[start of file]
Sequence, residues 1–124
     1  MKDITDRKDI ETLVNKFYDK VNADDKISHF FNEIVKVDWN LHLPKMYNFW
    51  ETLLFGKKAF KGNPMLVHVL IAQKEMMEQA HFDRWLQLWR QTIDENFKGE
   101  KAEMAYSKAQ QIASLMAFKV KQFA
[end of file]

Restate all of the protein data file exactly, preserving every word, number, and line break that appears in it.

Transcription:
Sequence, residues 1–124
     1  MKDITDRKDI ETLVNKFYDK VNADDKISHF FNEIVKVDWN LHLPKMYNFW
    51  ETLLFGKKAF KGNPMLVHVL IAQKEMMEQA HFDRWLQLWR QTIDENFKGE
   101  KAEMAYSKAQ QIASLMAFKV KQFA